A special report on telecoms in emerging markets: : Eureka moments | The Economist

A special report on telecoms in emerging markets: : Eureka moments | The Economist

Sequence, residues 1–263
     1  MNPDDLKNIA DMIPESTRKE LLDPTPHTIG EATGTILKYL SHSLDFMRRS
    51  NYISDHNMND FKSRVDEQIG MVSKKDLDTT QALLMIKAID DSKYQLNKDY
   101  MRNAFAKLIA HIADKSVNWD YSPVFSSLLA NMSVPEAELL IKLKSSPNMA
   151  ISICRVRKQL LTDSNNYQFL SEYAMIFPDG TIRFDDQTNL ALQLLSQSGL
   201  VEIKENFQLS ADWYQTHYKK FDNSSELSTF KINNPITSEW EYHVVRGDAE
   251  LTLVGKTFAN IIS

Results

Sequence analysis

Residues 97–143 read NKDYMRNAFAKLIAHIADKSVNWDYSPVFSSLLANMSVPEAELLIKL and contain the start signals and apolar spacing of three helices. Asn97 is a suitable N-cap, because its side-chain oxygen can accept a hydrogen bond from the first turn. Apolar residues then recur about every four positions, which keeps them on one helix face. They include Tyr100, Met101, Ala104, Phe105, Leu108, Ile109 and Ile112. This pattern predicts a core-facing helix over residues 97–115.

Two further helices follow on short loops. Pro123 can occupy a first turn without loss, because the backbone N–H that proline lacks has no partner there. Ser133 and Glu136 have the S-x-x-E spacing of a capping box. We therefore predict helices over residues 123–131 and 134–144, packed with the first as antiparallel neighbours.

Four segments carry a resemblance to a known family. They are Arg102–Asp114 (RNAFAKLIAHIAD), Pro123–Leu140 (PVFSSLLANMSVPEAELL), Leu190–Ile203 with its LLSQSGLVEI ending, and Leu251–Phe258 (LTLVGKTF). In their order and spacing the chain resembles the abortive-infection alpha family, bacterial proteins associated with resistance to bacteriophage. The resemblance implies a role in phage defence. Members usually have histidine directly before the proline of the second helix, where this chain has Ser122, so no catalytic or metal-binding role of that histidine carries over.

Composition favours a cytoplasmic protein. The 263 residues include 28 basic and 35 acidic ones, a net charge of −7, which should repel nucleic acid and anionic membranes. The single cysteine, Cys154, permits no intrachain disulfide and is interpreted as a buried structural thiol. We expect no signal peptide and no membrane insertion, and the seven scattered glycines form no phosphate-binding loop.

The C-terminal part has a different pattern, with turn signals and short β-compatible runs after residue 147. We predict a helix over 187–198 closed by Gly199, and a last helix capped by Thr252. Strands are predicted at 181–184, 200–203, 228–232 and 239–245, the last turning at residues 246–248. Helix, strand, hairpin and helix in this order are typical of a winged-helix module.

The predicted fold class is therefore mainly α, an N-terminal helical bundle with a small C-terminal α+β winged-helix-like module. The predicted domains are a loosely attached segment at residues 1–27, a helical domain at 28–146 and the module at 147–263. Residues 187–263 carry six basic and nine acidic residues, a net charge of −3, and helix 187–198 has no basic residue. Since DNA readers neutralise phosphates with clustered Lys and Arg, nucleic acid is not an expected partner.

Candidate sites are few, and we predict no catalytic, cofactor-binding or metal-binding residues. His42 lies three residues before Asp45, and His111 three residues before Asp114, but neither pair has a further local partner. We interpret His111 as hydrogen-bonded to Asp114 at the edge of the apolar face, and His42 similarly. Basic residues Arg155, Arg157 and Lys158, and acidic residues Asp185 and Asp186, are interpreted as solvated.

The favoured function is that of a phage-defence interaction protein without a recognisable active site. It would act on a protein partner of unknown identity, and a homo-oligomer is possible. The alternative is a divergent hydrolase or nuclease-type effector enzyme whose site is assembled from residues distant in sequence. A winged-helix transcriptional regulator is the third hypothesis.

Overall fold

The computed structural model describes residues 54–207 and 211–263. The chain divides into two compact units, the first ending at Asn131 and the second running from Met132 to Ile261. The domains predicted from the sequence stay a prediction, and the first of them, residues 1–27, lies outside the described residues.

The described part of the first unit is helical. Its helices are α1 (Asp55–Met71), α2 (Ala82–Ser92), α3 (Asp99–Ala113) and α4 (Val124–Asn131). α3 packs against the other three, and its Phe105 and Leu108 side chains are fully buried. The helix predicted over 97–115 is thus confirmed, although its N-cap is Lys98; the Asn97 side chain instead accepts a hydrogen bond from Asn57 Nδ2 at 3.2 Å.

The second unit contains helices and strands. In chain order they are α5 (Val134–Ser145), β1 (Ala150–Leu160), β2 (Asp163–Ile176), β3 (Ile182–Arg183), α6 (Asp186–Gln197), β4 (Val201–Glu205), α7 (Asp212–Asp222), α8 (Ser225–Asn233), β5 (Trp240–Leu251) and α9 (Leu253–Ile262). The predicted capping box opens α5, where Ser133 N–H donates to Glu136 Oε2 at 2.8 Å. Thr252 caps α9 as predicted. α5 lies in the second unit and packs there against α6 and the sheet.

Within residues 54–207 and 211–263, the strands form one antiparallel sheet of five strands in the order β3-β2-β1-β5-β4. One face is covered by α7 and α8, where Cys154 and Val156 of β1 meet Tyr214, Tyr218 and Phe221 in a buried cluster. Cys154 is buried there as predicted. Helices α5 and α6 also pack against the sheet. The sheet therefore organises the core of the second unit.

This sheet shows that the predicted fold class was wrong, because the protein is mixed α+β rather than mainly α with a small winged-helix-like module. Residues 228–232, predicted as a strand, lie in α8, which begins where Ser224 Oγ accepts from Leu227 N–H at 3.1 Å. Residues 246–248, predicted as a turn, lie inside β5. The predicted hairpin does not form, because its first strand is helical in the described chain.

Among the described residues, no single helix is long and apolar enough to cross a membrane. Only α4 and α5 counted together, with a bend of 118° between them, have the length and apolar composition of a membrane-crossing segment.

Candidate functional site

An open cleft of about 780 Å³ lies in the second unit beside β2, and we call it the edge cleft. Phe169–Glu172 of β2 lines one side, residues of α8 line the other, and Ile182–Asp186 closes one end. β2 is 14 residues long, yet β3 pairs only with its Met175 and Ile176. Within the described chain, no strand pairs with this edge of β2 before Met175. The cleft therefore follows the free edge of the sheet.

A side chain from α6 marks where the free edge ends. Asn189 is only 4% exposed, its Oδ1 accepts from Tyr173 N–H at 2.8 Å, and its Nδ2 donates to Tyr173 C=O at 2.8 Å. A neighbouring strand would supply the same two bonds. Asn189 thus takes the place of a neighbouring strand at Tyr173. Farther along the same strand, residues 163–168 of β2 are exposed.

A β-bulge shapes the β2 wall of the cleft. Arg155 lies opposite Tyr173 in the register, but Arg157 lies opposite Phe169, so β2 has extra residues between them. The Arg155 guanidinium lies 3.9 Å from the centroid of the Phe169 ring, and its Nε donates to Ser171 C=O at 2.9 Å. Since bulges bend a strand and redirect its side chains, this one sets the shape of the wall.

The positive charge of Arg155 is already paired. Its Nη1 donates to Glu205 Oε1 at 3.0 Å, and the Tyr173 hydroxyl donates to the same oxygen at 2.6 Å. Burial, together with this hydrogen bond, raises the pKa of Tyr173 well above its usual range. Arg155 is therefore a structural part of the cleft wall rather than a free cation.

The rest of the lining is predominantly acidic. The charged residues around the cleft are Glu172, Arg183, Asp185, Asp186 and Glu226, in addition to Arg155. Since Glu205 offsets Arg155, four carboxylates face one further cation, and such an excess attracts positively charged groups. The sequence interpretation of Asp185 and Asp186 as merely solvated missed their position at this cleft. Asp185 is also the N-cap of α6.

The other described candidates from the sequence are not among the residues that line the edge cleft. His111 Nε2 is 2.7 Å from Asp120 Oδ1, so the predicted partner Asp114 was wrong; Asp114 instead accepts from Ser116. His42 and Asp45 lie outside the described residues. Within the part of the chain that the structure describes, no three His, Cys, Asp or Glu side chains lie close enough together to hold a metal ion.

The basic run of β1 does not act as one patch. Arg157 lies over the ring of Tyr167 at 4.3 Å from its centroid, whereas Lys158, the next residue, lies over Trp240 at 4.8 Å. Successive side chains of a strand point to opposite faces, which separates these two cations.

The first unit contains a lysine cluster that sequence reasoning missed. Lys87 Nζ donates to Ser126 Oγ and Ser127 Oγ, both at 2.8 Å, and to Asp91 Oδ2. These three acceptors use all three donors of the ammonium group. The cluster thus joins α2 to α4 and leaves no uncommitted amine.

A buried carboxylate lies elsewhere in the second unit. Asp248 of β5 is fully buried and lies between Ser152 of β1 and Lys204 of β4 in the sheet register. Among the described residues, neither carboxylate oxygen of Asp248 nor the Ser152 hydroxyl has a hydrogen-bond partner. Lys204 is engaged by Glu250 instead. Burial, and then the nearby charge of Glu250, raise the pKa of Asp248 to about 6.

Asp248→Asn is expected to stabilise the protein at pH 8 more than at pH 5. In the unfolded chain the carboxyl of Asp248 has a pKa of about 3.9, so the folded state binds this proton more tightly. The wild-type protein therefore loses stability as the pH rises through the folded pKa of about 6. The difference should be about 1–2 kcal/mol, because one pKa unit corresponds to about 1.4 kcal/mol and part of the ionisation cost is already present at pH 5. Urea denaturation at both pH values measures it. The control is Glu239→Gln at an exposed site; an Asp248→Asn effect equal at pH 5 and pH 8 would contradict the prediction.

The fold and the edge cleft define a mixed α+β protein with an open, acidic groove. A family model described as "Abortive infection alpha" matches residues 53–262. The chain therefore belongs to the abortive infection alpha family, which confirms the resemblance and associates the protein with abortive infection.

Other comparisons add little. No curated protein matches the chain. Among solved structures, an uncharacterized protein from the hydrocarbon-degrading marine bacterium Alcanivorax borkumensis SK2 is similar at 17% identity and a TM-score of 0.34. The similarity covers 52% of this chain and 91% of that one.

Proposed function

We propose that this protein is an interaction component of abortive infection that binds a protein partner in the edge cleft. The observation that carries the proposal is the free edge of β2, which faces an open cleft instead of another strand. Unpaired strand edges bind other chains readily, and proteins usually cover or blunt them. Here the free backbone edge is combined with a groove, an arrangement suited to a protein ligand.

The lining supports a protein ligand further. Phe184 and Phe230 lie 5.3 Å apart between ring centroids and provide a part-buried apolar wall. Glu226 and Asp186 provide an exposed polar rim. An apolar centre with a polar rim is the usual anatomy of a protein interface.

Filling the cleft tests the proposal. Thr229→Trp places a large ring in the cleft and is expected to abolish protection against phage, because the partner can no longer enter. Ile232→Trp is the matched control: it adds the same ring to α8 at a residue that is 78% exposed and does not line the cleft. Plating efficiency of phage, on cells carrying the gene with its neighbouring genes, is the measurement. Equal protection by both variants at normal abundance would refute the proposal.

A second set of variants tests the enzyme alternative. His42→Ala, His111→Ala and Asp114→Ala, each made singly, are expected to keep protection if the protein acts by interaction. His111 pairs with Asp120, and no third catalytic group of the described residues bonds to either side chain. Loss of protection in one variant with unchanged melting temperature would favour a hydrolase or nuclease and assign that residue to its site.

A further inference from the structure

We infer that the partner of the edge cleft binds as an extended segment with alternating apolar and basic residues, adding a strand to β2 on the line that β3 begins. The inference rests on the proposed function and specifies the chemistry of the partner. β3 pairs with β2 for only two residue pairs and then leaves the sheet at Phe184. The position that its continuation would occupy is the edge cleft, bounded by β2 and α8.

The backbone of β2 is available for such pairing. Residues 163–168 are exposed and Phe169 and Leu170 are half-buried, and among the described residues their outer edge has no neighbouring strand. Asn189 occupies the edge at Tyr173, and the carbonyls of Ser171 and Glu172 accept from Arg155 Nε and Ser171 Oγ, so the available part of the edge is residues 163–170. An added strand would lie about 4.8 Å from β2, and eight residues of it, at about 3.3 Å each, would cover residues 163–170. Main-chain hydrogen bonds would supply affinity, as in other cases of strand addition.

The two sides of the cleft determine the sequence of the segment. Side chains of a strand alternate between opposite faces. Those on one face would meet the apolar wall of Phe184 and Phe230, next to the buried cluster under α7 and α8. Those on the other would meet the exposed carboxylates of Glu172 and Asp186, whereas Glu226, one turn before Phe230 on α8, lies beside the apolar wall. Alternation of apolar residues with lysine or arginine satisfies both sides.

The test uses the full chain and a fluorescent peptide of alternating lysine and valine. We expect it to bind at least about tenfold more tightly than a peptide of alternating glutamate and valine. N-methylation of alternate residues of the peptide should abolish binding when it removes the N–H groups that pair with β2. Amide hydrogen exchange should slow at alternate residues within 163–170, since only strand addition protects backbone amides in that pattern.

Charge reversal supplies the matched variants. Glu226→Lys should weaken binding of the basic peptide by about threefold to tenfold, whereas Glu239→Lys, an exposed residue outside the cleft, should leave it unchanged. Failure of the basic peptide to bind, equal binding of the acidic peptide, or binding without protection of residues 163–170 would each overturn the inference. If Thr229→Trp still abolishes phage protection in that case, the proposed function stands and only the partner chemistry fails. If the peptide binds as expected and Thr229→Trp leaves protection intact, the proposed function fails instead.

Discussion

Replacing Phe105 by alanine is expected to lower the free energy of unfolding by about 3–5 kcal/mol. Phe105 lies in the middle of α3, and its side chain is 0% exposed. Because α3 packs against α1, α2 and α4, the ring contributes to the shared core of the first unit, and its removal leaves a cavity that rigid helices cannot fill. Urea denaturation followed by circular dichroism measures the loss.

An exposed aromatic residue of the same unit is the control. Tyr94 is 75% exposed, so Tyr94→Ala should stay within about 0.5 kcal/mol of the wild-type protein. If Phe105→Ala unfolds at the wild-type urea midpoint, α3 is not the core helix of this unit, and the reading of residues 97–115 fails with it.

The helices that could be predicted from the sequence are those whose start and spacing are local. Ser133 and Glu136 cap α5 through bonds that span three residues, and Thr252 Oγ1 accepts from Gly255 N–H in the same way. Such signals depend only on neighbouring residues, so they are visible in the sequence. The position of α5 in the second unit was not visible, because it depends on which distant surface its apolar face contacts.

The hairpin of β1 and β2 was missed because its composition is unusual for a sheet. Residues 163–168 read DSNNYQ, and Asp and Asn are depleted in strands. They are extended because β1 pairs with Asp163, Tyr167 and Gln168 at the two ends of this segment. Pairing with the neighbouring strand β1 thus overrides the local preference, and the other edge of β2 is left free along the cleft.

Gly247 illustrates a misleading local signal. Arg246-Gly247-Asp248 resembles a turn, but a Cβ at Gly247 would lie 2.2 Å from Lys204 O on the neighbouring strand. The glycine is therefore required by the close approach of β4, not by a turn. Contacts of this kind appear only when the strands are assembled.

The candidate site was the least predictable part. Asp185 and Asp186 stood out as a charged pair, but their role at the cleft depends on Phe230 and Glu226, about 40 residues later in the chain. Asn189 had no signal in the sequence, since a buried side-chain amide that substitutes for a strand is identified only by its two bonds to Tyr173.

In the past few years the anecdotal evidence has been backed up by studies that measure the economic impact of mobile phones directly. One example is the analysis of fish prices on the coast of Kerala, in southern India, carried out in 2007 by Robert Jensen, an economist at Harvard University. By examining historical price data as mobile-phone coverage was extended down the coast between 1997 and 2001, Mr Jensen was able to show that access to mobile phones made markets much more efficient. Fishermen could call several markets while still at sea before deciding where to sell instead of taking their catch back to their home market and throwing it away if there were no buyers for it. This eliminated waste, dramatically reduced the variation in prices along the coast, brought down consumer prices by 4% and increased fishermen’s profits by 8%. Mobile phones paid for themselves within two months. Mr Jensen concluded that “information makes markets work, and markets improve welfare.”


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